While it may be tempting to close off the entry holes, you would likely be trapping the bat pups inside your attic. This is a recipe for a very stinky, and very cruel disaster. The safest, and legal option is coaxing them out on their own volition.

Note that these methods only work when the pups are mature enough to fly so you’ll have to wait until mid-August. That gives you a couple weeks to plan the bat siege…

  • Make some noise. Put a radio in your attic as close to their roosting site as possible
  • Use shop lights to make the space bright so they can’t get to sleep (preferably fluorescent bulbs since incandescent lights risk starting a fire)
  • Install a one-way door so bats can go out, but not back in
  • Put a bat box nearby to encourage these beneficial creatures to stay in the neighborhood
  • Close every entry point and use caulk for the most complete seal job possible

And don’t wait too long! Be sure to do a thorough exclusion job before October or you may be stuck with bats all winter. For more information on bats in Washington State check out the Department of Fish and Wildlife’s guide to living with wildlife.

If you have a bat problem or are interested in installing a bat box call our owner and head technician, Chris Parker at 800-326-1698.

Rain gardens and the pests they sprout

A beautiful Rain Wise garden. Photo courtesy of Seattle Mag

If you live in Seattle you’ve probably seen gardens with signs about the Rain Wise program. Seattle Public Utilities subsidizes rain gardens in certain parts of the city to protect everyone from storm water runoff that causes sewer backups and flooding. You can get details about the program or see if you qualify at the SPU Rain Wise website.

Parker Eco Pest Control Rain Gardens

Diagram courtesy of Seekamp Environmental Consulting

While these rain gardens look beautiful, they can attract unwanted pests like rodents and insects. The rain garden provides added food, water, and shelter – the three biggest attractants for pests. Having one in your yard could leave your house vulnerable to an infestation. Here at Parker Eco Pest Control we often get calls to help people manage ants, spiders, mice, and rats that have been drawn to the home after installing a rain garden.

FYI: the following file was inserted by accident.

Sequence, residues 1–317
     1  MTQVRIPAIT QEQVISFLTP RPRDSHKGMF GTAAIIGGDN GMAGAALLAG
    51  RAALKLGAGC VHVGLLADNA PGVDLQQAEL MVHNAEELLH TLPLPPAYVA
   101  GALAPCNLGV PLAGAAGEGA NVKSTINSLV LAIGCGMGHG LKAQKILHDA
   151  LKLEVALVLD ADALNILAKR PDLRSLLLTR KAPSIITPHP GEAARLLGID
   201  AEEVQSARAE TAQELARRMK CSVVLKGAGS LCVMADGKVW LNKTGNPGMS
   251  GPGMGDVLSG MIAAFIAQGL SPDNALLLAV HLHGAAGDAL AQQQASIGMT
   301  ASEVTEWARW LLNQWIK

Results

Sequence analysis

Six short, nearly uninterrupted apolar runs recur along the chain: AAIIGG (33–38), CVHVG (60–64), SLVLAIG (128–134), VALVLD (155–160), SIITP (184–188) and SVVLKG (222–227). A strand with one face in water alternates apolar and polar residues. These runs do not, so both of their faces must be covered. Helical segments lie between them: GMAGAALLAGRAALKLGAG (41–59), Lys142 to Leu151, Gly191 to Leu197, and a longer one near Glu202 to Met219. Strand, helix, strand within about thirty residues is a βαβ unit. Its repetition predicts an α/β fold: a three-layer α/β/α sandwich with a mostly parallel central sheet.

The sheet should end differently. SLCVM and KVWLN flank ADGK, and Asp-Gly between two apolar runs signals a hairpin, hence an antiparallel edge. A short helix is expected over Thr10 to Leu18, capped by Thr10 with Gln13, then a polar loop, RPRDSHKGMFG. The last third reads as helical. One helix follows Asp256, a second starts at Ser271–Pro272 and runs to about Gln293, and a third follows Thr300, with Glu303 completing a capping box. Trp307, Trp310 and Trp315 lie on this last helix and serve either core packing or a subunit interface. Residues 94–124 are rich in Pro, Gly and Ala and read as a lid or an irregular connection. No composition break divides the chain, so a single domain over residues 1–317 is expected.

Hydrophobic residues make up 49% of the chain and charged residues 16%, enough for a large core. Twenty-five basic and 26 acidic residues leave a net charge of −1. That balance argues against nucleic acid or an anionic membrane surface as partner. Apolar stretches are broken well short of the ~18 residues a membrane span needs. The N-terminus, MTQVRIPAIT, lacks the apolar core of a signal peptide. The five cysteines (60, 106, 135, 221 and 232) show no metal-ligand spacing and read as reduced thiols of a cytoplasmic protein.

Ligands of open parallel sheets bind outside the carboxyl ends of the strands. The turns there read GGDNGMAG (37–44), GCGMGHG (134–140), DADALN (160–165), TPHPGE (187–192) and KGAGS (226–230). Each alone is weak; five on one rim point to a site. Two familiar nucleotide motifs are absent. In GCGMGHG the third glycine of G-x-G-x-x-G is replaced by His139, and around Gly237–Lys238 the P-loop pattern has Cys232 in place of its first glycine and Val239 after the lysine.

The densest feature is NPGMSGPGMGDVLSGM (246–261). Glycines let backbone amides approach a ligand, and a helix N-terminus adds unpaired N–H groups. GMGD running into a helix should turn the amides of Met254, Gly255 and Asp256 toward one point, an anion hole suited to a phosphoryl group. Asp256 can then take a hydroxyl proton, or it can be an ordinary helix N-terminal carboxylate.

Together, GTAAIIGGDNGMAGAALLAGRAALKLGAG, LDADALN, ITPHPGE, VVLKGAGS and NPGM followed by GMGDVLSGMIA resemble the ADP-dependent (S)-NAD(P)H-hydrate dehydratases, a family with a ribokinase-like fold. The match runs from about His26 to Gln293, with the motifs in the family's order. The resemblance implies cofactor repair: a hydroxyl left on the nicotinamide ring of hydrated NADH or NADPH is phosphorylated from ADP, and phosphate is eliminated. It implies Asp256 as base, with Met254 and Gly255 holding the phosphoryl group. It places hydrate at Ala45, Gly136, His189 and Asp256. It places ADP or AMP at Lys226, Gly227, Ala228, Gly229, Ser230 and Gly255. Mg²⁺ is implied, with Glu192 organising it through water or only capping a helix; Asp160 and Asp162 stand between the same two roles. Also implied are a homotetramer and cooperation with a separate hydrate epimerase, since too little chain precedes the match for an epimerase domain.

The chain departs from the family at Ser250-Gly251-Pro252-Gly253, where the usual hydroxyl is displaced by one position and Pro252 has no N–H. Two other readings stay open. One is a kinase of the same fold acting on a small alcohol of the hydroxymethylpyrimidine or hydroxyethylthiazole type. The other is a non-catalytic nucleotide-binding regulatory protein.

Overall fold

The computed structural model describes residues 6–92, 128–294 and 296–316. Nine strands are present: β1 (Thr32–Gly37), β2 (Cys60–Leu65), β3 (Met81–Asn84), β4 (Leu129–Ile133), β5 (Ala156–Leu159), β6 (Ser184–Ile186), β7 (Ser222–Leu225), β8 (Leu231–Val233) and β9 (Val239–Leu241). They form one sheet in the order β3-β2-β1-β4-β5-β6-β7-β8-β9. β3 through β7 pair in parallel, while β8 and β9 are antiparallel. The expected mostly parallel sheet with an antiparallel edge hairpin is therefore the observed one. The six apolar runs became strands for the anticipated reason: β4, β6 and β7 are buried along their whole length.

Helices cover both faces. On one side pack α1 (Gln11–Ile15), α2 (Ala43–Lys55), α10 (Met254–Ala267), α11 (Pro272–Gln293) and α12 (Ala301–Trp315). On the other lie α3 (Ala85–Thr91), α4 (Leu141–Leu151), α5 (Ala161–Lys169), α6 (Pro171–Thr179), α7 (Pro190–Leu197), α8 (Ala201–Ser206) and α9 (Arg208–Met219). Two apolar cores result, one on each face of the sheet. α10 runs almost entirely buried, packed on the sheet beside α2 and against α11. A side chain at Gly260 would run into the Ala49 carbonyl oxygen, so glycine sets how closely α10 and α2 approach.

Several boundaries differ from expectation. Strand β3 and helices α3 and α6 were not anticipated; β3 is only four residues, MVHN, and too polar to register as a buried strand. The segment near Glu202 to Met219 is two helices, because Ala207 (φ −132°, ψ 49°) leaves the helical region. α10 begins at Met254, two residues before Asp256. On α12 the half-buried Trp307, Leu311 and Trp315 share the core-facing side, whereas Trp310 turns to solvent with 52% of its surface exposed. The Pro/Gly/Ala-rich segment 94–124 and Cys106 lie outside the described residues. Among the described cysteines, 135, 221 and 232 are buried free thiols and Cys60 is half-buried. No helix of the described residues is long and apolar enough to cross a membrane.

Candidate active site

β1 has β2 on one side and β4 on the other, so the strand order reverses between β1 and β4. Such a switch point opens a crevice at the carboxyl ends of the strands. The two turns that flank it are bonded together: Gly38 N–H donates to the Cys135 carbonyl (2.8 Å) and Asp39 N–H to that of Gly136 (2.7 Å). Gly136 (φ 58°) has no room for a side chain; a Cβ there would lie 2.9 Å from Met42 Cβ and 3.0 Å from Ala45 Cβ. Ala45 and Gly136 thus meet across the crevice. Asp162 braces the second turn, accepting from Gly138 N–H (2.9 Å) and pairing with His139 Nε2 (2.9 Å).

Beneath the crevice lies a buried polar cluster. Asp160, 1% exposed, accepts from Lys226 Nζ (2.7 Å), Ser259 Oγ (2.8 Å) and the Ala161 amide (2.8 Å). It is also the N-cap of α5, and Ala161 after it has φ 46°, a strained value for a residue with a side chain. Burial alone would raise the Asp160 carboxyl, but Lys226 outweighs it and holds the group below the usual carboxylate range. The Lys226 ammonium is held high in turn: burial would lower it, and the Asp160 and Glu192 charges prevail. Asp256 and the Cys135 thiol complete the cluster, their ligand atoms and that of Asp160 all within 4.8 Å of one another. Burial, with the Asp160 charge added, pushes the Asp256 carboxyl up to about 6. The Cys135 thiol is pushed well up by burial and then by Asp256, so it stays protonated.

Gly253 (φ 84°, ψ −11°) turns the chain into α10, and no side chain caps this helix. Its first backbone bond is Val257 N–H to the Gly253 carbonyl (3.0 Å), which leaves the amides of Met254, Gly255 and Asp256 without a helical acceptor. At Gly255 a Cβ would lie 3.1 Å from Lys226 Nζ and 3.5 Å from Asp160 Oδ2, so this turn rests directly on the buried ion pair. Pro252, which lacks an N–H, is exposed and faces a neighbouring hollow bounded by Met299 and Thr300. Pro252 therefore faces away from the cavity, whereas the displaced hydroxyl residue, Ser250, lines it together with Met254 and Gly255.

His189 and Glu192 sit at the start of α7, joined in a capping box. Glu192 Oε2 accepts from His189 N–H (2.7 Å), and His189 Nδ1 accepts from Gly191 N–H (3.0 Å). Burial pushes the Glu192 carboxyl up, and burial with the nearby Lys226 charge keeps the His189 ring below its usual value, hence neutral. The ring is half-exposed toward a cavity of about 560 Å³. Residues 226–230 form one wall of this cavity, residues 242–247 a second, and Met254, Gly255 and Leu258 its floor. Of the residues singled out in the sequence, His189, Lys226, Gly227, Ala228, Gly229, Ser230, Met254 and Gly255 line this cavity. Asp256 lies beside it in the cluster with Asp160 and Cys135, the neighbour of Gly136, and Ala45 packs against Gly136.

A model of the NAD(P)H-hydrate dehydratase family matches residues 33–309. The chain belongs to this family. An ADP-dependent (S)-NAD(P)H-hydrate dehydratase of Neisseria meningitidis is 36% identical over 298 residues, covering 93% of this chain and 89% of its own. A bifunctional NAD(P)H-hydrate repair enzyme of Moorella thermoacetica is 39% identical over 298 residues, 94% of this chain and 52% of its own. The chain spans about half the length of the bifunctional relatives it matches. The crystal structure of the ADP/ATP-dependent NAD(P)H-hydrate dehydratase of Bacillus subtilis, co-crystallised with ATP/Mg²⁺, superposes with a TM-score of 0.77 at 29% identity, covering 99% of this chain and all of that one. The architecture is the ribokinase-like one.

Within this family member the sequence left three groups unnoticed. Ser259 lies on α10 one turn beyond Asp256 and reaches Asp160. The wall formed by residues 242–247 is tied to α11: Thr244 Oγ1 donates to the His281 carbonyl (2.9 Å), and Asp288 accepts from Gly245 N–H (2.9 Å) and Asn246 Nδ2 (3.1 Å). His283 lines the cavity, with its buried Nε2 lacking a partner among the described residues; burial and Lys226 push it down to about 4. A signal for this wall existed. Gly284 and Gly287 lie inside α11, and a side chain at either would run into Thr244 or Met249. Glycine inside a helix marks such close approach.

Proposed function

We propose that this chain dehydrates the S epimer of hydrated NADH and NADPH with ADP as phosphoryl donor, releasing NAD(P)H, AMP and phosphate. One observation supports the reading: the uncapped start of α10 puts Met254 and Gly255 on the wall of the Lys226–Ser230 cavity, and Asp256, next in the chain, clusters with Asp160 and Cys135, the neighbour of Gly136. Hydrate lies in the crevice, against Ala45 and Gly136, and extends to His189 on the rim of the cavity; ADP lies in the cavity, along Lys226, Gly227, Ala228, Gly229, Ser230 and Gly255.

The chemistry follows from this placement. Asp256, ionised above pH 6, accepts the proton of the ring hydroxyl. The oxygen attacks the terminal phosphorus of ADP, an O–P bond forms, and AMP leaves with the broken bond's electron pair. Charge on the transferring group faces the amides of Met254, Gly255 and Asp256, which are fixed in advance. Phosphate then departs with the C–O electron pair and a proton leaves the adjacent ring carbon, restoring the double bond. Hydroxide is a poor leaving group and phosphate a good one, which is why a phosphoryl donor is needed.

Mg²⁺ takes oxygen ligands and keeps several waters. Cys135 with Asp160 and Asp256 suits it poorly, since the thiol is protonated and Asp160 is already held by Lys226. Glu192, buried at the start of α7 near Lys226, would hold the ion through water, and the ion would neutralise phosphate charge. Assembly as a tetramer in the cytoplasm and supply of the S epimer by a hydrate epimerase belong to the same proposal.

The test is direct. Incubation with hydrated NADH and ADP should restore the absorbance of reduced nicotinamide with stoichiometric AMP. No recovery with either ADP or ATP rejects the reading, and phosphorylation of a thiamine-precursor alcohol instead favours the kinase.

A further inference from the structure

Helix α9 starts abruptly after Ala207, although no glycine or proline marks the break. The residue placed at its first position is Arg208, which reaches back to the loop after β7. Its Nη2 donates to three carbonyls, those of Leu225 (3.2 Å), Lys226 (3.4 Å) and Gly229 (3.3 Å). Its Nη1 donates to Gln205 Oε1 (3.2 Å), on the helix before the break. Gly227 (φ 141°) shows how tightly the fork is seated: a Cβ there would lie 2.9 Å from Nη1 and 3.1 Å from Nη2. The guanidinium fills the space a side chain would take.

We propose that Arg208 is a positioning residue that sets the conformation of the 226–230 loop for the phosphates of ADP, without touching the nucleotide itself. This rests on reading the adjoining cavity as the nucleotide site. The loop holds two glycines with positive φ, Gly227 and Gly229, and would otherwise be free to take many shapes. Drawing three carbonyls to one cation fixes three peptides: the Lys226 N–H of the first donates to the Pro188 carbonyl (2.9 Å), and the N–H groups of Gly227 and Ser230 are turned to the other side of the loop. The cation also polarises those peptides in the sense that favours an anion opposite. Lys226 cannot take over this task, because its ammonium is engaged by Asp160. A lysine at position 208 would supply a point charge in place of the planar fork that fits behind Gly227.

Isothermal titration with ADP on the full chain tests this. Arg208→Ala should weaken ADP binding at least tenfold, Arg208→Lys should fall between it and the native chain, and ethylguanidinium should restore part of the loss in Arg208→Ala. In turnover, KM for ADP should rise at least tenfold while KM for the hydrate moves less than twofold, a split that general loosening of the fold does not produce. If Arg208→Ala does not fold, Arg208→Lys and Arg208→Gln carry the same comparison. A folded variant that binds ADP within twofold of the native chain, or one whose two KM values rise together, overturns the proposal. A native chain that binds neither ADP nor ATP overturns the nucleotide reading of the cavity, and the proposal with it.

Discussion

To get the best of both worlds and protect your home from these pests, make sure you maintain your rain garden on a regular basis. Foliage that falls to the ground should be raked up regularly. Be sure to leave at least a foot of space between any vegetation and your home. If these branches touch your house it can act as a highway for insects like ants, cockroaches, spiders, and more.

Image courtesy of the West Seattle Herald

Even if you don’t have a formal rain garden through the Rain Wise program, you might live in an area prone to the same pests. Take a look at the Rain Wise map and see if your home is at risk.

Overall these gardens provide a public good. With a little knowledge and some careful planning you can keep your neighborhood safe from flooding and your home free of pests. If you’d like more information to keep your home protected from your rain garden, give Parker Eco Pest Control a call and we’ll work together to find a low cost and eco-friendly solution.

We wish you a merry Christmas and a rat-free new year

As the temperature drops you may find yourself with some unwanted house guests this holiday season.  Winter is peak time for rodents as they look for warmth in crawlspaces, attics, and garages. These disease carrying animals make nests in your insulation and chew everything in sight. Rat teeth grow quickly which forces them to chew constantly and grind them down. It’s estimated that rodents cause up to 20% of house fires every year just by chewing on wires. In addition to causing fires they can knaw through pipes and create plumbing leaks within your walls. All these problems are significantly more expensive to fix than they are to prevent. Do yourself a favor and monitor your home for signs of rodent activity this winter to head off any problems before it’s too late!

Notice that the upper wire has been chewed on. The insulation nearby could easily catch fire.

Parker Eco Pest Control offers environmentally-friendly solutions for both preventing and treating infestations.  We use a combination of physical tools to keep the rats and mice out, and chemical tools that kill and repel. Call us today!